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Molecular Organization and the Fluid Nature of the Mitochondrial Energy Transducing Membrane

  • Charles R. Hackenbrock
Part of the Nobel Foundation Symposia book series (NOFS, volume 34)

Abstract

The inner or energy transducing membrane of the mitochondrion is the site of various metabolic activities, including the sequential transfer of electrons along a chain of respiratory proteins and the coupling of the free energy derived from such transfer to the phosphorylation of ADP. Electron transfer between the heme protein components of the membrane is rapid and can be expected to require protein-protein interactions equal to the half times of their oxidations, for example, as rapid as 2 msec in the case of the oxidation of cytochrome c by cytochrome c oxidase (Chance et al., 1967). Interactions between other redox components in the membrane, however, may be somewhat slower as indicated by delays in the transfer of reducing equivalents, as for example between the b cytochromes and cytochrome c l and between the flavoproteins and b cytochromes. Of interest in this regard are the reported delays in the rate and half time of ATP synthesis coupled to the rapid half time oxidation of cytochrome c oxidase (Lemasters and Hackenbrock, 1975; Thayer and Hinkle, 1975). Irrespective of such delays, the sequential and rapid events inherent in electron transfer and energy transduction generally tend to support the inference that the proteins in the energy transducing membrane of the mitochondrion are stabilized in a continuous, rigid protein-protein lattice (Fleisher et al., 1967; Sjöstrand and Barajas, 1970; Capaldi and Green, 1972). In classical agreement, the specific proteins of the respiratory chain have been assumed to be ordered with a recurring lateral intermolecular spacing throughout the plane of the membrane (Klingenberg, 1968; Lehninger, 1970). Further, these notions are supported by the fact that the energy transducing membrane is endowed with an unusually high protein content (75%) compared to various other membranes of eukaryote cells.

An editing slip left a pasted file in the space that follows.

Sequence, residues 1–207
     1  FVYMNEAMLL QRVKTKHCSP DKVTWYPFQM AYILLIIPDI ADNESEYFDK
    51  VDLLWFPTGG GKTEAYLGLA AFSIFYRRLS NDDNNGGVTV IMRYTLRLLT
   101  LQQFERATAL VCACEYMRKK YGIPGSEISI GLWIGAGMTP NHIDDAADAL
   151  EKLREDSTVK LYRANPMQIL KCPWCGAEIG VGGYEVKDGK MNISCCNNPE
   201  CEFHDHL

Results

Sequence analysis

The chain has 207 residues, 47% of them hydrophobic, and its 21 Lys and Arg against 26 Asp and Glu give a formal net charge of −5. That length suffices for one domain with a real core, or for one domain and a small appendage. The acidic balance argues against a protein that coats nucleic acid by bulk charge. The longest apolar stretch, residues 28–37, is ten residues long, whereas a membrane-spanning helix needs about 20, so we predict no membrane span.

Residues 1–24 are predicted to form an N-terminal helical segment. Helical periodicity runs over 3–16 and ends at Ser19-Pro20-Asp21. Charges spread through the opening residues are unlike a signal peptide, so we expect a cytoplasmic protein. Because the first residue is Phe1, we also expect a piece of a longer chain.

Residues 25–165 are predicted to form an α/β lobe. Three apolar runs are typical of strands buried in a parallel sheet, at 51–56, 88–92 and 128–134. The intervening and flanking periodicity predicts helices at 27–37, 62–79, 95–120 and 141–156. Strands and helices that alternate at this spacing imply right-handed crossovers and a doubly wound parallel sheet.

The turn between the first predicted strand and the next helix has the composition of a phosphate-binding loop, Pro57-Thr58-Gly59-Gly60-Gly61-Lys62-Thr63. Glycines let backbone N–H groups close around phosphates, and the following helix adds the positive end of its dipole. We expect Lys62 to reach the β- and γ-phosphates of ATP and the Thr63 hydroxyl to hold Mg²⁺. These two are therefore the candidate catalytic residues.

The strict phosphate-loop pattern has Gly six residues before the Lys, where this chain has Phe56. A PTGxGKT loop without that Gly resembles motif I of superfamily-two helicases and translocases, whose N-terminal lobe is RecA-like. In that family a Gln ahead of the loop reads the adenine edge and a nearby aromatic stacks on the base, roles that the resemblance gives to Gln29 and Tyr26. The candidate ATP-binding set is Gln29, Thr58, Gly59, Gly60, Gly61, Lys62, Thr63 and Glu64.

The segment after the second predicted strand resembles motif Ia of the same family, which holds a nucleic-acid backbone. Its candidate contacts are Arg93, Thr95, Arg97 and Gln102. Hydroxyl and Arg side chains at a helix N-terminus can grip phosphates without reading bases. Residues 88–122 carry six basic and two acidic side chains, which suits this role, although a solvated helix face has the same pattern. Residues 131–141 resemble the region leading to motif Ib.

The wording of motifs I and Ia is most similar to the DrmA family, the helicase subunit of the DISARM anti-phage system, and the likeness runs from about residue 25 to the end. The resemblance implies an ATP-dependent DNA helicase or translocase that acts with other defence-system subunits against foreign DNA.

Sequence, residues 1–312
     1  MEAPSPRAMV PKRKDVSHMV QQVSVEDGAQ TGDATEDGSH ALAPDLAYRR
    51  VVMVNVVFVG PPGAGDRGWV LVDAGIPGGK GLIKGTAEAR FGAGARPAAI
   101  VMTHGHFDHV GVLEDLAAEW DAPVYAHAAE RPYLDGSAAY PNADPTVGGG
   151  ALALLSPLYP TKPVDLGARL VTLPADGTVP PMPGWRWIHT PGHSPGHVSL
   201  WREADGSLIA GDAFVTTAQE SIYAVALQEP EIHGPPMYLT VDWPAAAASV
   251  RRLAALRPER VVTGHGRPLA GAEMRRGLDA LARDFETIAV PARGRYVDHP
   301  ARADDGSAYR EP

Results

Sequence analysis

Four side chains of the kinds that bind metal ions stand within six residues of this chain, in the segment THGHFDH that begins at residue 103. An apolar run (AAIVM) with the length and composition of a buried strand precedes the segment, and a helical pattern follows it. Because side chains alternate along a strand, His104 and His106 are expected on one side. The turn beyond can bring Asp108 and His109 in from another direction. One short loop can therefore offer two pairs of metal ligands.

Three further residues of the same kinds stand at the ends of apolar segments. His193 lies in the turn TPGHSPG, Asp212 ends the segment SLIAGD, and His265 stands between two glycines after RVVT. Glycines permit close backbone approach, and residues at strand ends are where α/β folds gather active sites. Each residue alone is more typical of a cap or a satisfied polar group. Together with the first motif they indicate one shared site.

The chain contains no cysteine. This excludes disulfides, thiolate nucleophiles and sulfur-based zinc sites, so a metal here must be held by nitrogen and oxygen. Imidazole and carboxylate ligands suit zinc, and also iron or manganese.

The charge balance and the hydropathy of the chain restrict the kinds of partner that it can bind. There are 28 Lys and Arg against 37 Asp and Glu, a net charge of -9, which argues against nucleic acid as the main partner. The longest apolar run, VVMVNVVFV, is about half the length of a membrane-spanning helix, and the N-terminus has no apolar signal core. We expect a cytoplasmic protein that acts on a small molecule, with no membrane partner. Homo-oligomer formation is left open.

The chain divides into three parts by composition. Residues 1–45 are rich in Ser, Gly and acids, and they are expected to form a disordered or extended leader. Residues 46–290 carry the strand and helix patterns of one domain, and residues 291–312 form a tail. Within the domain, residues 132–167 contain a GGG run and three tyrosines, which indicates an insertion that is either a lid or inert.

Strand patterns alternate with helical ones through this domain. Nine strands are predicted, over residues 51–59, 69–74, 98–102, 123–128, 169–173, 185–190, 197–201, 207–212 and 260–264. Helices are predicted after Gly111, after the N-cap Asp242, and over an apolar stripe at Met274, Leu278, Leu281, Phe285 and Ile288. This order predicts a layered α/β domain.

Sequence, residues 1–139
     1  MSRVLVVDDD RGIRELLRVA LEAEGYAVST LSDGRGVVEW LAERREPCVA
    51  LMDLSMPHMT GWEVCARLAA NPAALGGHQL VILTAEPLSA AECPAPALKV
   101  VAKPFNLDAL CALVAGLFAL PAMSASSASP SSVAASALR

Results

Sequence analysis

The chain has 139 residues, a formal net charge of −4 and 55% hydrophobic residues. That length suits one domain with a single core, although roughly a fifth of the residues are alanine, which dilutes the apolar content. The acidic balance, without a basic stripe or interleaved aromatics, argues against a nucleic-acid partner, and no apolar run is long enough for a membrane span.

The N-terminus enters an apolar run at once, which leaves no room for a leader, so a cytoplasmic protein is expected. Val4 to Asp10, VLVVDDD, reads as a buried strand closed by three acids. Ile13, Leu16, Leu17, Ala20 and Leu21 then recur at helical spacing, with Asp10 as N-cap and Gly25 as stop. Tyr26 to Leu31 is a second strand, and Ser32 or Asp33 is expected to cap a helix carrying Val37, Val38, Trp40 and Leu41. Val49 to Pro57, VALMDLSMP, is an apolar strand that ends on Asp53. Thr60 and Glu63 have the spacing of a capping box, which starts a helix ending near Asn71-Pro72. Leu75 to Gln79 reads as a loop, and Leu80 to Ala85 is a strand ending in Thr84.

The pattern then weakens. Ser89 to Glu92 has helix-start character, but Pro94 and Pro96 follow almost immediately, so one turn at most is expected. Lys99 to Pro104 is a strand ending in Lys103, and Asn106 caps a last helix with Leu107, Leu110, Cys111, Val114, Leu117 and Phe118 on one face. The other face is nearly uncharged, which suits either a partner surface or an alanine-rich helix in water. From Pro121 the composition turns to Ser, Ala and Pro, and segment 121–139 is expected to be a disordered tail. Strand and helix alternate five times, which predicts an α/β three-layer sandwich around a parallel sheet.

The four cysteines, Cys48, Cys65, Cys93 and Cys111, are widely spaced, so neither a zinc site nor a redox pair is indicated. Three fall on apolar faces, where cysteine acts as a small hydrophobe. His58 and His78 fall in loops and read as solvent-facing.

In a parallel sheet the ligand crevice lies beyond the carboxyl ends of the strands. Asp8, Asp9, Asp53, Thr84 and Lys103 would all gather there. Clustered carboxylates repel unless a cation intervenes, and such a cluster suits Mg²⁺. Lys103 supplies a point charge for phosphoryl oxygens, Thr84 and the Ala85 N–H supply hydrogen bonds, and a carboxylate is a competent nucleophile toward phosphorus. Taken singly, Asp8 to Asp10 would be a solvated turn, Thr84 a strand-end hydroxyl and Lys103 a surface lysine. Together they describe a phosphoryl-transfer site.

Keywords

Fracture Face Integral Protein Intramembrane Particle Lipid Phase Transition Cell BioI 
These keywords were added by machine and not by the authors. This process is experimental and the keywords may be updated as the learning algorithm improves.

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Copyright information

© Plenum Press, New York 1977

Authors and Affiliations

  • Charles R. Hackenbrock
    • 1
  1. 1.University of Texas Health Science CenterSouthwestern Medical SchoolDallasUSA

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